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Wyoming bank owes couple $4.7M, jury rules

Wyoming bank owes couple $4.7M, jury rules

Pinnacle Bank of Cody, Wyo., must pay more than $4.7 million to a Miles City ranching couple for cutting off funding while they were trying to build an affordable housing subdivision in Billings.

After a weeklong trial before Yellowstone County District Judge Gregory R. Todd, the jury decided that Pinnacle Bank had breached its loan contract with the Krutzfeldt Ranch and owners Butch and Julie Krutzfeldt.

“We are grateful to the jury for their hard work. Our position was vindicated, that your word is your bond,” Butch Krutzfeldt said about the jury's Oct. 26 decision.

He is a third-generation rancher and until 15 years ago practiced law in Miles City.

In June 2008, Pinnacle Bank’s Cody branch president, Dusty Schutzman, agreed to loan the Krutzfeldts up to $5 million to build Mont Vista, a 64-acre housing subdivision at Rimrock Road and 54th Street West in Billings. Plans called for 328 homes costing $180,000 to $220,000 each.

The bank approved the subdivision plans, and the Billings City Council unanimously approved the preliminary plat in June 2009, according to court records. By then, the Krutzfeldt Ranch had borrowed $3.6 million of its $5 million financial package.

When some residents of nearby subdivisions, including the Yellowstone County Club, objected to the design, including potential development of some commercial lots, the Krutzfeldts spent $160,000 of their own money being “good neighbors,” said Billings attorney Don Harris. He and Billings attorney Steve Harman represented the Krutzfeldts.

The couple then redesigned Mont Vista, restricting the commercial lots to multifamily housing use, and working with their critics until all the neighbors were happy, Harris said.

On Aug. 19, 2009, Pinnacle signed off on the redesign.

But two weeks later, the bank cut off funding, even though the Krutzfeldts were current on their payments. Pinnacle also refused to sign documents needed to get the city’s final approval unless the ranchers used their own funds to finish the subdivision, Harris said.

The bank argued that market conditions had changed.

“It had received unbiased information from an appraiser that the subdivision was no longer economically viable and it was in the best interest of the bank and Krutzfeldts to stop loaning money at that point,” said Great Falls attorney Max Davis, who defended Pinnacle.

The original $8 million appraisal included all the infrastructure improvements, which can add up to one-quarter of the cost of a subdivision, Harris said. The second appraisal of $5.4 million only valued improvements on one one-third of the land, he said.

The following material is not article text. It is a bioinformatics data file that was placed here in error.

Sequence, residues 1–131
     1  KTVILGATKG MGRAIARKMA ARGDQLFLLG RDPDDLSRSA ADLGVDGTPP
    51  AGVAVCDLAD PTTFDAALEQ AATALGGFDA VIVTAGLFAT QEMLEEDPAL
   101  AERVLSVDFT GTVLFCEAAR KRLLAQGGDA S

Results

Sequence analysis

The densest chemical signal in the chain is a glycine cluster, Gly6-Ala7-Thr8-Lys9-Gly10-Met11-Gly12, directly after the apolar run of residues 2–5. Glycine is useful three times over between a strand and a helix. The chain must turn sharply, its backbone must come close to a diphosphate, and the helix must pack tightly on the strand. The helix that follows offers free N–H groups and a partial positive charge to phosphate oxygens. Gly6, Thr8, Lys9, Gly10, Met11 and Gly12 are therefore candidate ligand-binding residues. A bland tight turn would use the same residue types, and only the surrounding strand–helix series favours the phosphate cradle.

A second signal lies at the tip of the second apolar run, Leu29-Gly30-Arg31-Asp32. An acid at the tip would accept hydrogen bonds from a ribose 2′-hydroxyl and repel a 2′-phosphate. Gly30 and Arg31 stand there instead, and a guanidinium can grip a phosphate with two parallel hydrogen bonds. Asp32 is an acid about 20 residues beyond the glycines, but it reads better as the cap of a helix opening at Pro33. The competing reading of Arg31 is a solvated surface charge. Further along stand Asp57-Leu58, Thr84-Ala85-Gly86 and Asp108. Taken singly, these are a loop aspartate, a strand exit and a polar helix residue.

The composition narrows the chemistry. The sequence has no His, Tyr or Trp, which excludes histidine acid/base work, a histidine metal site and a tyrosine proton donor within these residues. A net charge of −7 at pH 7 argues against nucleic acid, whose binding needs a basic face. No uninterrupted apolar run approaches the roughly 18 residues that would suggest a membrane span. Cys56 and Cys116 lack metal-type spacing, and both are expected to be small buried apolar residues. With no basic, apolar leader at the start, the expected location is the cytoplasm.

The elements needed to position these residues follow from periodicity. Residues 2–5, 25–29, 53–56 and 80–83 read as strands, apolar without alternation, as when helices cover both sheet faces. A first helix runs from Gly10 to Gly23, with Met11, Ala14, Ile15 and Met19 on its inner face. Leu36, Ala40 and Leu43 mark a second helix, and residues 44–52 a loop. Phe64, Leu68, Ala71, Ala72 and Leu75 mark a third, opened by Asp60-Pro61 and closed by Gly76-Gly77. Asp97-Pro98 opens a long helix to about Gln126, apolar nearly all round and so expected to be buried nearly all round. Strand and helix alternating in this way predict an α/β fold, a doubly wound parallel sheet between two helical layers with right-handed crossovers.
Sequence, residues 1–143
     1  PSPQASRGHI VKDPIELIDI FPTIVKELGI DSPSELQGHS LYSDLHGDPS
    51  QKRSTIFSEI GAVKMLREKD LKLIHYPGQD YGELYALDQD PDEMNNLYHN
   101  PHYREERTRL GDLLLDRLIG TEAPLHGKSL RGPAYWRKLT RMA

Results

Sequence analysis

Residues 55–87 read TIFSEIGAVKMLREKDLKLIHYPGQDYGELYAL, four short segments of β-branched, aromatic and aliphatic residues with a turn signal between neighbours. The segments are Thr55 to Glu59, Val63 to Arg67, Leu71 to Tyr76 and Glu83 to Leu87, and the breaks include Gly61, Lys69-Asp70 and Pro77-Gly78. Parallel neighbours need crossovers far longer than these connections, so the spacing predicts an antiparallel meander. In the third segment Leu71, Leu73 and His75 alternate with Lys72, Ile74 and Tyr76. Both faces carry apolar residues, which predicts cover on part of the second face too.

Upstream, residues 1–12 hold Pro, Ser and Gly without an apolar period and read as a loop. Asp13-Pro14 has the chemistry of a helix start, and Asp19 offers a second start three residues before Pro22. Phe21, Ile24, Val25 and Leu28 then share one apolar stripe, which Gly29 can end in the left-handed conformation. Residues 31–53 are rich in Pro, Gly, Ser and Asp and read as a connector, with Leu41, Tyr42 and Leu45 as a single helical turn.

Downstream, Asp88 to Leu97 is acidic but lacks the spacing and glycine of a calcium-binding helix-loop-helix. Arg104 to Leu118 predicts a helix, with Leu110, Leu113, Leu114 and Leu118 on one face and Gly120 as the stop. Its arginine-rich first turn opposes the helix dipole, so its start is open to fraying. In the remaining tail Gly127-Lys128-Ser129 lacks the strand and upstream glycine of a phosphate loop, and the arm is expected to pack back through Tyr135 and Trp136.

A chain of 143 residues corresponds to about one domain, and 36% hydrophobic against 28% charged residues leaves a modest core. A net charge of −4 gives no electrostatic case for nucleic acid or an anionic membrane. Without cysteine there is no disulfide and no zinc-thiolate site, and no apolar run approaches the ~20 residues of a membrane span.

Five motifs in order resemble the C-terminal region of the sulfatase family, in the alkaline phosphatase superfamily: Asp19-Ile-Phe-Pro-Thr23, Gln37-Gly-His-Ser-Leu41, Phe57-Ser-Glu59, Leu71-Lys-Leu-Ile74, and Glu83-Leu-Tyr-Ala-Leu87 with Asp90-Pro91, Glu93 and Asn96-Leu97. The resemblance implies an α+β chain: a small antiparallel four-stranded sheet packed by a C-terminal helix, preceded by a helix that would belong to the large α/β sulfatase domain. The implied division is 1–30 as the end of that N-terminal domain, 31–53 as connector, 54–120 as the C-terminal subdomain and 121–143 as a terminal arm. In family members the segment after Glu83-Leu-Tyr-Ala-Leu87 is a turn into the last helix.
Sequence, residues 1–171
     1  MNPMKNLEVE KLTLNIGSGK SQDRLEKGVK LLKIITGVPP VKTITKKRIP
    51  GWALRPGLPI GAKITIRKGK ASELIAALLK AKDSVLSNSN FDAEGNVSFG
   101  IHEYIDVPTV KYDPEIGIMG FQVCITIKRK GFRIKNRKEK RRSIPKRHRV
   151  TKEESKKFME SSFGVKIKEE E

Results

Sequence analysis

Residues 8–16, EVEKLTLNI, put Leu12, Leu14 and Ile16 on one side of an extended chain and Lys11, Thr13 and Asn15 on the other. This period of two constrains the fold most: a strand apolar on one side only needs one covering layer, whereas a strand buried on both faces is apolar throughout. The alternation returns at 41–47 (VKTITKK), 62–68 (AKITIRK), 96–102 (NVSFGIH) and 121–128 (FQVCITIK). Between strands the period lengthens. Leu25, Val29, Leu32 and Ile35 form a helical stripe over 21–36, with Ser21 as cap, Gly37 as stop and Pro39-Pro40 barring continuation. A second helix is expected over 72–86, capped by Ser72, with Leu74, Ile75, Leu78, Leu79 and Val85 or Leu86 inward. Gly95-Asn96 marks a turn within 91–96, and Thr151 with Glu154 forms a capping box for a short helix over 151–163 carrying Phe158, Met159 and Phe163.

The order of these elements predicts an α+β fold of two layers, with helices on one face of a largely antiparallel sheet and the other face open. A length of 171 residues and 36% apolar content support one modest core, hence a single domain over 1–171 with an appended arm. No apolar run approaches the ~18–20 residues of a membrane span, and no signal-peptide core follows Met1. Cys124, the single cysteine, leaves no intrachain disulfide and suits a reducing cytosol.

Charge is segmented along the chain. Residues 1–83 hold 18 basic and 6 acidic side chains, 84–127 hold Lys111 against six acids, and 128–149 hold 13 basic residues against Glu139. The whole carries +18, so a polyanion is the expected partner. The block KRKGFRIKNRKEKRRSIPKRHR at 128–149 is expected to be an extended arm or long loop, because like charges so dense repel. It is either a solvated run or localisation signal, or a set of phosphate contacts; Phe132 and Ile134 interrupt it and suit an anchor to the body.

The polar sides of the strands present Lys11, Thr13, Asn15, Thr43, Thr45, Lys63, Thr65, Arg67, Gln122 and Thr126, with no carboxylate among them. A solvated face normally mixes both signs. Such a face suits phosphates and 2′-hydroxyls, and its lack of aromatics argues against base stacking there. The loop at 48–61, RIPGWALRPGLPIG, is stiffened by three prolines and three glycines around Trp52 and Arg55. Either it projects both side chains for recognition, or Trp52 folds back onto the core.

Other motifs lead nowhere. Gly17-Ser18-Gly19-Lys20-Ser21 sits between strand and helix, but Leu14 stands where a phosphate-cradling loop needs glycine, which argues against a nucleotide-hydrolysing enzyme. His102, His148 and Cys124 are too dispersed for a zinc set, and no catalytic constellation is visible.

“We called it a rigged appraisal,” Harris said.

The market for higher-end homes in Billings had died during the housing crisis that began in 2007, Harris said. But affordable houses like the ones his clients wanted to build were still selling.

Pinnacle also required the Krutzfeldts to keep $5 million in savings, the maximum amount of Pinnacle’s loan, and to pledge land at their ranch north of Miles City as collateral, he said.

“The bank never was at risk for losing a dime, no matter what happened with the project,” Harris said.

On June 24, 2010, branch president Schutzman sent a letter to the Krutzfeldts that their loan payment of $166,828 was two weeks overdue. On Oct. 6, they were told to pay their debt of $3,793,312 in full within 10 days or face accelerated foreclosure on both the Billings subdivision and their Miles City ranch. The Krutzfeldts suffered physically from the stress, Harris said.

The next step in the case is for Todd to award fees of $1.5 million, one-third of the judgment, to Krutzfeldts’ attorneys. Then the bank will decide whether to appeal.

If Pinnacle pays the judgment, the subdivision is likely to become bank property, Harris said, then be resold and developed by someone else.

Pinnacle began in Wyoming in the early 1900s, and today the Nebraska-based bank operates 115 locations, including 11 in Wyoming.

Davis said the bank is “extremely disappointed” in the verdict, especially the high damages for emotional harm. The jury awarded the ranchers $2.5 million for mental distress and emotional anguish, and $2,225,000 for lost profits.

“It’s almost a done deal when the bank changes its mind and decides to foreclose,” Harris said. “What the jury really understood is this couple in their late 60s is facing financial ruin at a time in their lives when they could no longer replace that wealth.”



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Business editor for the Billings Gazette.

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